Will this year’s festival involve a competition and judges?
This year’s non-competitive element is also unprecedented in its dimensions. It will run not only throughout the four days of the festival but also, due to popular demand, there will be other concerts around the island in the days both before and after the festival itself.
From 1 to 4 November a traditional festa planċier (decorated stage) at City Gate, Valletta, will be the main venue for a number of Singing in the City friendship concerts. On 5 November, various choirs will also be performing the Liturgy of the Sunday Mass in no fewer than 17 churches around the island.”
What was your vision for this year’s festival?
The teaching aspect is central to the festival’s ethos. Building on the success of the Chorusology conference held last April, three of the adjudicators (Jenevora Williams, Branko Stark and Jan Vicar) will be holding individual workshops on vocal and choral technique on the afternoon of Saturday, 4 November.
What features will be returning or will there be something new or special introduced?
“Amongst the most anticipated events of the festival is the unique opening ceremony being held on the evening of Thursday, 2 November at St John’s co-Cathedral. All the choirs will first make their way down Republic Street, singing, before uniting in the awe-inspiring co-Cathedral in a celebration of songs and prayers for World Peace. Leaders of various religious denominations in Malta will be offering their prayers to the musical accompaniment of choirs from different cultural and spiritual backgrounds. Over the years, the organising committee has also learnt that choirs cherish every opportunity to get together, share experiences and make new friends, which is why a lot of attention and preparation goes into the ‘non-musical’ aspects of the festival, such as the opening and closing receptions, the mid-day lunches, the prize-giving ceremony on Sunday evening and the Grand Harbour By Night tour that will follow it.”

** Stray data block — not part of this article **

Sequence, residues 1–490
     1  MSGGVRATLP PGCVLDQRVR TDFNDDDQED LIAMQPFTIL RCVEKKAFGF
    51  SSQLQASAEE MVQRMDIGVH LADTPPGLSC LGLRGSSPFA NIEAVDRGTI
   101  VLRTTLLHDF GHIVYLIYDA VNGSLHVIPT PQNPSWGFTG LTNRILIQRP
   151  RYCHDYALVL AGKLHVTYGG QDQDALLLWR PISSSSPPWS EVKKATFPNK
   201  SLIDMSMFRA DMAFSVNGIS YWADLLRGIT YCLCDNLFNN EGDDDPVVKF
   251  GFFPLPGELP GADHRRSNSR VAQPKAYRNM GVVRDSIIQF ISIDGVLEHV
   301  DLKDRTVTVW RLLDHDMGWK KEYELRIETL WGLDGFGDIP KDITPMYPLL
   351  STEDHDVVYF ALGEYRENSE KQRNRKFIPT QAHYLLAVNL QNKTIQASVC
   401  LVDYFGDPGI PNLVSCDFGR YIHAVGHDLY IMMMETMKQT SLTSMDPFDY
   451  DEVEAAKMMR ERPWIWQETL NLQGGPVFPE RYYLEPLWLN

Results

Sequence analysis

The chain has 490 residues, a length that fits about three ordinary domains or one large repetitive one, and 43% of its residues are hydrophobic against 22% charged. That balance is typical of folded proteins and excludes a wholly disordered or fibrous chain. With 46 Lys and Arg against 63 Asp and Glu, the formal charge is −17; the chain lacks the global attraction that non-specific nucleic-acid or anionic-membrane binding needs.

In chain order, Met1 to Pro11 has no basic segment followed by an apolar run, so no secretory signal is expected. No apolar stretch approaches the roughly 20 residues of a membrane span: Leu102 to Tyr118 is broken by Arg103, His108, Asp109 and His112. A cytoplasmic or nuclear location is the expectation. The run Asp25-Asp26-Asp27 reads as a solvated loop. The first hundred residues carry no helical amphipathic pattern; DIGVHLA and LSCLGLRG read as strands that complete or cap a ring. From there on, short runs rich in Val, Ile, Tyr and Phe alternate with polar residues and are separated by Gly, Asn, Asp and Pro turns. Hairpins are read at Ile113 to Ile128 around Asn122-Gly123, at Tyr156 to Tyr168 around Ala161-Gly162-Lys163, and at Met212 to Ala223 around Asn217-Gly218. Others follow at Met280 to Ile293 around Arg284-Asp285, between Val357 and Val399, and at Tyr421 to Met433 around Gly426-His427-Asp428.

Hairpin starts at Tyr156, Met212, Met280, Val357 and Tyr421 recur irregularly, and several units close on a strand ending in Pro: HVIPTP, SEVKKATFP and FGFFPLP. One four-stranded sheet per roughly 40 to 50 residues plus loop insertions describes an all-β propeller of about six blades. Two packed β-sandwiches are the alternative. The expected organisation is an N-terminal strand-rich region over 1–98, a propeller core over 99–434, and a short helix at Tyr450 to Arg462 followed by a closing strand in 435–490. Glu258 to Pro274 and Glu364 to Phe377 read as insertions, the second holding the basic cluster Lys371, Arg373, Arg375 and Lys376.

“It all looks extremely promising for us to continue organising a festival that attracts so much interest and attention from international choirs and media alike, yet it is always a challenge to ensure the participation of local choirs. Nevertheless, the ever-increasing standards achieved by the Malta International Choir Festival over the years have put Malta very prominently on the international map of choral activities. It gives the organising committee a great deal of satisfaction to note that the statistics for this year’s festival are the best that Malta has ever seen over the past 22 years since its inception in 1988.”